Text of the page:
Fiscal management must be shifted off its pandemic emergency footing

It is time to shift from emergency fiscal management in response to the novel coronavirus and return to a conventional budget compilation process that emphasizes fiscal discipline. The government as a whole needs to share this awareness.

The deadline for budget requests from each ministry and agency for fiscal 2023 has passed. The total amount requested was about ¥110 trillion, the second-largest ever, after the amount requested for fiscal 2022.

In response to the deteriorating security environment, the Defense Ministry requested a record ¥5.5947 trillion. The Health, Labor and Welfare Ministry asked for ¥33.2644 trillion, about 30% of the total, to deal with an increase in social security costs due to the aging population.

This time, ministries and agencies were given wide latitude to make budget requests without specifying yen figures for certain items relating to important measures. As a result, requests made in such an exceptional manner for areas including defense, decarbonization and measures to combat the low birth rate have increased significantly. These are not included in the amount requested.

Therefore, it is possible that the total budget proposal for fiscal 2023 could exceed the record initial budget for fiscal 2022, which was ¥107.6 trillion. It is essential to make efforts to rein in spending in the upcoming budget compilation process.

The nation’s finances are becoming tighter as the government deals with the coronavirus. Last fiscal year’s total expenditures, including the supplementary budget, reached ¥142 trillion. The government took in a record ¥67 trillion in tax revenue, but this was not enough to cover even half of the expenditures. Such a situation cannot be called sustainable.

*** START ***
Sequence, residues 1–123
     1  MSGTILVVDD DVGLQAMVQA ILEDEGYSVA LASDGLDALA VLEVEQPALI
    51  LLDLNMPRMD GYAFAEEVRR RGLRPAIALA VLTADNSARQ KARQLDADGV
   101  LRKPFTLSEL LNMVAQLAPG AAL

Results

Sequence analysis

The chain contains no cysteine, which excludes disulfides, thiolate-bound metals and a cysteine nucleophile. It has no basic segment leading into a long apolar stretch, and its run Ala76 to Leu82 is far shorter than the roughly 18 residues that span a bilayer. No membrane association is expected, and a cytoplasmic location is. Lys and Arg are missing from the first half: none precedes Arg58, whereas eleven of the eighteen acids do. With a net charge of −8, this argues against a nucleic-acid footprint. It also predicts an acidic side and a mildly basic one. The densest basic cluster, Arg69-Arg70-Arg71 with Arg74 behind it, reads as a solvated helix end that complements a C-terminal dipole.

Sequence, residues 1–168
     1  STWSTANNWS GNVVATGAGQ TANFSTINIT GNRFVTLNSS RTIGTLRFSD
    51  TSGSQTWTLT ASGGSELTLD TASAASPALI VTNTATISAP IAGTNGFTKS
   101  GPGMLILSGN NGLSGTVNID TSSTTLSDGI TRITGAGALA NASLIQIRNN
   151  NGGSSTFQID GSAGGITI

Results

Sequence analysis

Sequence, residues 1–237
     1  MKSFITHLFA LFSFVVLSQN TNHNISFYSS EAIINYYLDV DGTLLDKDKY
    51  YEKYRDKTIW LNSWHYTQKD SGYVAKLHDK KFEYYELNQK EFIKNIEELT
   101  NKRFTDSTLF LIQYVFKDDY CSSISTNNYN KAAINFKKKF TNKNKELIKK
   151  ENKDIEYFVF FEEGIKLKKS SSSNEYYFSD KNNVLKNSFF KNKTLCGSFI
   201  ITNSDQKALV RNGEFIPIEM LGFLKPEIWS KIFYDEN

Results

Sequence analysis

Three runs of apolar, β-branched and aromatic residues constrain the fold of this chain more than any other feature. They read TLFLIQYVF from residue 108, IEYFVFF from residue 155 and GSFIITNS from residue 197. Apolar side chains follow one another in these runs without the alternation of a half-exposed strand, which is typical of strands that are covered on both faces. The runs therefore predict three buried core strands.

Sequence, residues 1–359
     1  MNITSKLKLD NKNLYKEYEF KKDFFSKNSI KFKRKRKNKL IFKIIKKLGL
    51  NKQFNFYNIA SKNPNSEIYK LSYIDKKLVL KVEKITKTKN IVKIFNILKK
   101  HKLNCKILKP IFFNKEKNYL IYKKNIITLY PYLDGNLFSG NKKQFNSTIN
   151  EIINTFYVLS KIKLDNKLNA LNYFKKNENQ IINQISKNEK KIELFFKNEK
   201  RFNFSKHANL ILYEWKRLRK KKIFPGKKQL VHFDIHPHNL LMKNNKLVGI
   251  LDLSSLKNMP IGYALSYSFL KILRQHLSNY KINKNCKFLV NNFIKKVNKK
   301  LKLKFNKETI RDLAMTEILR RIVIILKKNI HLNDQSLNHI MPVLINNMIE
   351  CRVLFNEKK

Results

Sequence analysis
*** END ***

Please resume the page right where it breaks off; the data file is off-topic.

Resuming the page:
Last fiscal year, as a result of lavish fiscal support for measures aimed at combating the infectious disease, the total amount that went unused reached a record high of ¥6.3 trillion. It is said to be around ¥1 trillion to ¥3 trillion in normal years.

This may be because the government compiled the budget by prioritizing the sheer scale of the budgetary framework in its rush to deal with the coronavirus pandemic.

Responding to emergencies swiftly and flexibly is important, and in some respects it is inevitable that these situations will arise. However, this does not mean that fiscal discipline can simply be thrown out the window. A worsening fiscal situation could intensify public anxiety about the future.

Currently, as pandemic-induced restrictions on activities have almost disappeared, economic activities are steadily returning to normal. Fiscal management should also be shifted to reflect awareness of this trend.

In the United States and Europe, there are moves to take measures to secure financial resources such as by raising corporate taxes and creating new environment-related taxes, as well as measures to promote investment for economic growth in areas including decarbonization and infrastructure.

Japan also needs to start discussing how to secure financial resources, through such measures as tax rate hikes, rather than relying too heavily on government bonds.

Of course, it is important to focus the budget on growth areas such as decarbonization and digitization. There is a need to scrutinize the budget so that unnecessary projects are not slipped into it, and take effective measures that lead to technological innovation and business creation.

(From The Yomiuri Shimbun, Sept. 2, 2022)